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Matt Joyce remains Angels' starting left fielder despite struggles

 Matt Joyce remains Angels' starting left fielder despite struggles
Angels outfielder Matt Joyce is tagged out at third base during a game against the Mariners. Joyce is the only MLB outfielder with at least 250 plate appearances batting below .200. (Otto Greule Jr / Getty Images)

The

Angels

would like to trade for a left fielder, as you might have heard a few thousand times this season. Yet, when the first two big deals of this trading season were announced Thursday, the Angels were not involved, and

Matt Joyce

was still in left field.

“We need to make a lineup,” Manager

Mike Scioscia

said.

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The

Houston Astros

, nipping on the heels of the Angels in the

American League West

, needed a starting pitcher. On Thursday, the Astros got

Scott Kazmir

, for two minor leaguers. He will look good alongside Dallas Keuchel, the

American League

starting pitcher in the

All-Star game

.

“Now they’ve got a one-two punch for sure, big time,” Angels pitcher

Hector Santiago

said.

Scioscia was not as impressed, at least not publicly.

“Houston was good yesterday,” he said. “They’re good today.”

The Angels do not need a starting pitcher. They are lukewarm about adding a third baseman, even with

David Freese

expected to sit out at least three weeks because of a broken finger. So, although the

Pittsburgh Pirates

acquired third baseman

Aramis Ramirez

on Thursday, the Angels shrugged.

They do need a left fielder. The on-base plus slugging of their left fielders is .583, the lowest for any major league team. Although the Angels have started six players in left field this season, Joyce has started 56 of their 95 games there, and he has started another 17 at designated hitter.

Joyce is batting .179, the only major league outfielder under .200 with at least 250 plate appearances. He went 0 for 2 in Thursday’s 3-0 loss to the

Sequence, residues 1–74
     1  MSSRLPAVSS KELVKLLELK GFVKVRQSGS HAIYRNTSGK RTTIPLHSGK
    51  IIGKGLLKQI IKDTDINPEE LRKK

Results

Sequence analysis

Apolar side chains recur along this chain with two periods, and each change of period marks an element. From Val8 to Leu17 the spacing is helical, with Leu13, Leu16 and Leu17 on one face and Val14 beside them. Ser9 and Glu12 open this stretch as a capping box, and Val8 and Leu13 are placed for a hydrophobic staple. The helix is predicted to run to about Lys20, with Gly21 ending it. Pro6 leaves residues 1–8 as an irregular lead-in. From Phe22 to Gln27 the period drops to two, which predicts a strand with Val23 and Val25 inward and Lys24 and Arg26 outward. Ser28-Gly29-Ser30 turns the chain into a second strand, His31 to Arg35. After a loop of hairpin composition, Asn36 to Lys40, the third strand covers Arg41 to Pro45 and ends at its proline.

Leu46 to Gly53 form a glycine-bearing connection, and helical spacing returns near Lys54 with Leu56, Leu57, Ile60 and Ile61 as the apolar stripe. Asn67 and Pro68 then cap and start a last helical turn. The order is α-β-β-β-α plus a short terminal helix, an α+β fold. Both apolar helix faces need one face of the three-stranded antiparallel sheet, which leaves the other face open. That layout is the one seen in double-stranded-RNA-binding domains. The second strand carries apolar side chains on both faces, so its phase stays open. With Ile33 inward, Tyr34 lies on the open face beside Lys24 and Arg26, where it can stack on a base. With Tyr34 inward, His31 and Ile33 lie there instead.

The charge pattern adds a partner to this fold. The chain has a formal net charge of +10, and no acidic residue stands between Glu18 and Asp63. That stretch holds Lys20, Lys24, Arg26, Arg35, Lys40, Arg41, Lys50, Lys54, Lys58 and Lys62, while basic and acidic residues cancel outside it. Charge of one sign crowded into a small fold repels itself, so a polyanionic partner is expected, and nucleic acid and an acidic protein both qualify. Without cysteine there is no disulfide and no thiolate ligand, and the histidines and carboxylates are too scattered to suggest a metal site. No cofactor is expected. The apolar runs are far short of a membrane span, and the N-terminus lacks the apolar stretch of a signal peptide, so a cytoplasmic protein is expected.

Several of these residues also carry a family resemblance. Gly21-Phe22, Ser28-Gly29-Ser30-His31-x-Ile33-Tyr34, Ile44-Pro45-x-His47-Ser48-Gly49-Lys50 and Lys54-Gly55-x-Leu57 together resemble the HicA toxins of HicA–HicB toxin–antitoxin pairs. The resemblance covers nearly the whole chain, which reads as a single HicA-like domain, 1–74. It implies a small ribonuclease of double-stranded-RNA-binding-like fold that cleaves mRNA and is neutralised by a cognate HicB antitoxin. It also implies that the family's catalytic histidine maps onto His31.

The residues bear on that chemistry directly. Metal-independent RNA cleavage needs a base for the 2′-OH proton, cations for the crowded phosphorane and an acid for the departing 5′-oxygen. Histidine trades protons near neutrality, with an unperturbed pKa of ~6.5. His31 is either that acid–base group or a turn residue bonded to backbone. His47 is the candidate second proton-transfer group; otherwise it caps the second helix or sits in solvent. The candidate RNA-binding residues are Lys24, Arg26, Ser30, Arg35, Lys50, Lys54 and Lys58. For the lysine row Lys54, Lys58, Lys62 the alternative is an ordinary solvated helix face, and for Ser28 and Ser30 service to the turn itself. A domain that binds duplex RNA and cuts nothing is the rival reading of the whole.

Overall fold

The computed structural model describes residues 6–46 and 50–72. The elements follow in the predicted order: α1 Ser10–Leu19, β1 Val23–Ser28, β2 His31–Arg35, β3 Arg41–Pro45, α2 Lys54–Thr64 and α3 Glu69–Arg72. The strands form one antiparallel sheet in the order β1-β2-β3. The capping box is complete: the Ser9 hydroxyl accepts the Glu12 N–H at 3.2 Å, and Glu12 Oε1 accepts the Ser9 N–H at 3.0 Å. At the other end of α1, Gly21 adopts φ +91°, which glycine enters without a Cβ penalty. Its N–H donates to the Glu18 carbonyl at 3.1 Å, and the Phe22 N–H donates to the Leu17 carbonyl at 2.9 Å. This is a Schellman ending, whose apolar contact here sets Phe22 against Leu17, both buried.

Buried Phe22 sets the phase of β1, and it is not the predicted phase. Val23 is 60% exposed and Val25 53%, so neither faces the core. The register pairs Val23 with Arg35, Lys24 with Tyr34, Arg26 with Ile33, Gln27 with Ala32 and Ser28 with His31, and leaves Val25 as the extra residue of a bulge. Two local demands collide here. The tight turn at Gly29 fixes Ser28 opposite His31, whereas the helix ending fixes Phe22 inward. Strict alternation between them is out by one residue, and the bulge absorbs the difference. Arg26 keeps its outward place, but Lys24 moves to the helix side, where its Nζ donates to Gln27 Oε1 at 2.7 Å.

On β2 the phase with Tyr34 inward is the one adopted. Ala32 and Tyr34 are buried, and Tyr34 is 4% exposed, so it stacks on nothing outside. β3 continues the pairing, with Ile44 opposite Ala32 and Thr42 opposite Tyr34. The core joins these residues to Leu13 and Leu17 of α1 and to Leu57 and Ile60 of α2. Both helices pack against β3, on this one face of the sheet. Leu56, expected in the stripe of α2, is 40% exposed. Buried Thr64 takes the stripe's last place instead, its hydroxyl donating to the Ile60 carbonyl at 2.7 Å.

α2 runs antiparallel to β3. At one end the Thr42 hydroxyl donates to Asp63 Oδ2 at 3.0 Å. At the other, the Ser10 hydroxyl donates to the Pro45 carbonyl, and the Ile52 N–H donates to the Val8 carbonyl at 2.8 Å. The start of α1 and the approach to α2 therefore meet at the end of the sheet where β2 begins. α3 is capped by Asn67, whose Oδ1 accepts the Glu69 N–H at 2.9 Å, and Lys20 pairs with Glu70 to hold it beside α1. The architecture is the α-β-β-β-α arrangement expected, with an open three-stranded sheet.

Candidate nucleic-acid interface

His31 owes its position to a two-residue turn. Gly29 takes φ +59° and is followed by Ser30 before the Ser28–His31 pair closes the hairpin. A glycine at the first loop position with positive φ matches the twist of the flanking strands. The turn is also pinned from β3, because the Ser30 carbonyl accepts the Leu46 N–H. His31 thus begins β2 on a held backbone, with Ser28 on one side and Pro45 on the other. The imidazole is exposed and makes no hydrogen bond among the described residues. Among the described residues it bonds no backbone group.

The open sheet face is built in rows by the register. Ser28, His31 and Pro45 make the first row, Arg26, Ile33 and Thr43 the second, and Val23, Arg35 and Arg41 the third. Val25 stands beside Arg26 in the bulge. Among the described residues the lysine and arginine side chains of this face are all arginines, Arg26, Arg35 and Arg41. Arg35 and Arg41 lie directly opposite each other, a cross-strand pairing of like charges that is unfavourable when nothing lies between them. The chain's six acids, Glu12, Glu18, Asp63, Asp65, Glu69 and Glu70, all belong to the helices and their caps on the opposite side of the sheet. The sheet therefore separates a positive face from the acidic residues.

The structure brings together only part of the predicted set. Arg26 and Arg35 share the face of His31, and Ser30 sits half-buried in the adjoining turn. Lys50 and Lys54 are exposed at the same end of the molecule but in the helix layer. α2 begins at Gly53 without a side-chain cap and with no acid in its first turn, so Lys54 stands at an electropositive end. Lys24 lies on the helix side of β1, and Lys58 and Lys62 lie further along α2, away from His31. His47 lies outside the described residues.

Minnesota Twins

, and he has no hits in his last 21 at-bats.

“There’s no doubt that he’s pressing,” Scioscia said, “absolutely no doubt.”

Said Joyce: “It’s obvious. When you’re used to being something and being successful, and you come out and put in the early work and stay late and put in the work after, and it still doesn’t show up in the game, it’s obviously frustrating. I’m doing everything I can.”

Joyce called it “a red flag” that he is getting pitches to hit and yet cannot seem to make solid contact with them.

“It’s a weird spot for me to be in,” he said. “I’ve never been in this much of a funk or struggle for this long.”

The Angels still need him in the lineup, Scioscia said, because of injuries and the need to balance veterans and youngsters.

Before the game, Scioscia skirted two questions about whether he would be disappointed if the Angels did not acquire a bat.

“The most important thing that’s happening is our control of the defensive side, starting with our pitching,” he said. “If that maintains itself, there’s no doubt that this crew is going to give you enough offense to get to hopefully reach your goal.”

And then Garrett Richards delivered a quality start, and the Angels lost.

The Angels have been linked to just about every decent corner outfielder available, a list that includes

Jay Bruce

, Yoenis Cespedes,

Gerardo Parra

,

Ben Revere

and

Justin Upton

. They played triple-A third baseman Kyle Kubitza in left field for a week, giving them another possible option to replace Joyce should no trade materialize.

Joyce was asked whether he expected to be in left field on Aug. 1 — the day after the trade deadline, one week away.

“That’s not up to me,” he said.

Then he flashed a hint of a smile.

“Hope so,” he said.

Up next

Nick Tropeano (1-0, 0.00 earned-run average) faces the

Texas Rangers

Colby Lewis

(9-4, 4.63) on Friday at 7 p.m. at Angel Stadium. TV: FS West. Radio: 830, 1330.

bill.shaikin@latimes.com

Twitter: @BillShaikin

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